Daily Encouragement: Year 2, Day 44

From Handbook to God’s Promises

GOD’S WORDS BRING LIFE

How to Be Right with God
(Romans 1:16–17)

Separated by 3,500 years and radically different circumstances, two great men of faith reached the same conclusion about how to be “right” before God. Standing midway between them was the apostle Paul, whose story about the first man became an object lesson for the second man.

First in line was Abraham, the father of faith. Around 2000 BC, God told Abraham that he would be the father of a nation as numerous as the sand on the seashore and the stars in the sky. God made a covenant with Abraham that guaranteed the fulfillment of this promise. Although Abraham did not even have any children when the promise was made, he took God at His word. When he “believed the Lord” (Gen. 15:6), his faith secured his righteousness before God, and he became the father of all who believe God’s word (Rom. 4:11). Abraham did nothing to earn his acceptance by God; he simply believed what God said.

Now fast-forward to AD 57, when the apostle Paul, in Romans 4, used Abraham’s story to illustrate the profound truth that he had proclaimed in Romans 1:16–17. The gospel of Jesus Christ reveals a righteousness that can come only by faith—the same faith that Abraham exercised.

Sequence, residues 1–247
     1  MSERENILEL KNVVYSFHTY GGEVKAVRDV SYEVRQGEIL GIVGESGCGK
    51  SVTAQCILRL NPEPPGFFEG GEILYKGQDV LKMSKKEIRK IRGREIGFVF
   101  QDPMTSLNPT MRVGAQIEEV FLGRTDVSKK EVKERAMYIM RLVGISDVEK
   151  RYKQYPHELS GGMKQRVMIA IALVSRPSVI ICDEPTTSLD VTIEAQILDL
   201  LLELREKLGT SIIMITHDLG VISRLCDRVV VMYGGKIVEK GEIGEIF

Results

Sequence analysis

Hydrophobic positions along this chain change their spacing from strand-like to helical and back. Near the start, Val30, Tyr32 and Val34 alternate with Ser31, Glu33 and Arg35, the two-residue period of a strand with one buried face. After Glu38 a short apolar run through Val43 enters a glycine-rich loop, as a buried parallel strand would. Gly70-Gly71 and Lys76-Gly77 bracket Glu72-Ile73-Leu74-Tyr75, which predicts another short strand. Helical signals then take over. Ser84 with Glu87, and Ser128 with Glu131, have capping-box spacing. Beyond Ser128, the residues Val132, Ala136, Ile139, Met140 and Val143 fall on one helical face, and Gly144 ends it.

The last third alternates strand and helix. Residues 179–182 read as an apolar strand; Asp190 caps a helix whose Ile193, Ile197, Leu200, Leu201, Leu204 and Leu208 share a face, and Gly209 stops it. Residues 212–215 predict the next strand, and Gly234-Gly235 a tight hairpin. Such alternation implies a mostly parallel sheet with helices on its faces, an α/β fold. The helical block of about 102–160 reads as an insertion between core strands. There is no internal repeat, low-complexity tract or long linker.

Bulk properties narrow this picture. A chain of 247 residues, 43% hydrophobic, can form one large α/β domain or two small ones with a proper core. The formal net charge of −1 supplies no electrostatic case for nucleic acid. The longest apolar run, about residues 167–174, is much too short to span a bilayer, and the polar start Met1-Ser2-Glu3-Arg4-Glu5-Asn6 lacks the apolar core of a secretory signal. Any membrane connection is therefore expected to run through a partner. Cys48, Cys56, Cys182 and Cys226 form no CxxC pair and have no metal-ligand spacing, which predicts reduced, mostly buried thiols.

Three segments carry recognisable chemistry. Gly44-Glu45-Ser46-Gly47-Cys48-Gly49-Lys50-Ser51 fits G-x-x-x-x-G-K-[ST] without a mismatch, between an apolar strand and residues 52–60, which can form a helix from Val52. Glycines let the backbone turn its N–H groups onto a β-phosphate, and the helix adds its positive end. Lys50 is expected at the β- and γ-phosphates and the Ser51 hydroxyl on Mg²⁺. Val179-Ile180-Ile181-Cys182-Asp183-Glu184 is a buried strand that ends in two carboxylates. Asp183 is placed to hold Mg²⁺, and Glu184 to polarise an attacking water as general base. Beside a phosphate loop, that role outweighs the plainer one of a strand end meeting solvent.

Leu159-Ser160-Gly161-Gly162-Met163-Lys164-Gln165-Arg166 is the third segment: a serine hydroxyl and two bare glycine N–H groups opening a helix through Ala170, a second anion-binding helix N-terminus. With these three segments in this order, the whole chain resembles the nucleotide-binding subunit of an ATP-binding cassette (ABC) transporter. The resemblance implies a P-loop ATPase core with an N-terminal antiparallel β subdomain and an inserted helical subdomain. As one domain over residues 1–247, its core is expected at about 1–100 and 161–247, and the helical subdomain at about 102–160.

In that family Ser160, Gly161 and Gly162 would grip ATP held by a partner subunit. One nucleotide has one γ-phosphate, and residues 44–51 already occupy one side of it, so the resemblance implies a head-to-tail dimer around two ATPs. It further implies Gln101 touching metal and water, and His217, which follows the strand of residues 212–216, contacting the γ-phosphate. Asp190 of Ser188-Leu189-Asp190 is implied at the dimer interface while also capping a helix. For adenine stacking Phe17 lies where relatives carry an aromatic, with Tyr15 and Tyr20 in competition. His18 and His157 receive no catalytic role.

Fast-forward again to 1519, when a German Augustinian monk named Martin Luther agonized over how to attain the righteousness before God that he had read about in Romans. He meditated on Romans 1:17 continually until he finally saw that righteousness is a gift from God that comes by faith. God’s Word, the gospel, reveals the gift of righteousness. “Here I felt that I was altogether born again and had entered into paradise itself through open gates,” Luther wrote. The light and life of the Word had dawned in his heart.

The word of God was the same for Abraham, for Paul, and for Martin Luther. Has that same faith, by which the righteous live, become your faith as well?

God’s Promise:
New life requires only one thing: faith in God’s promises.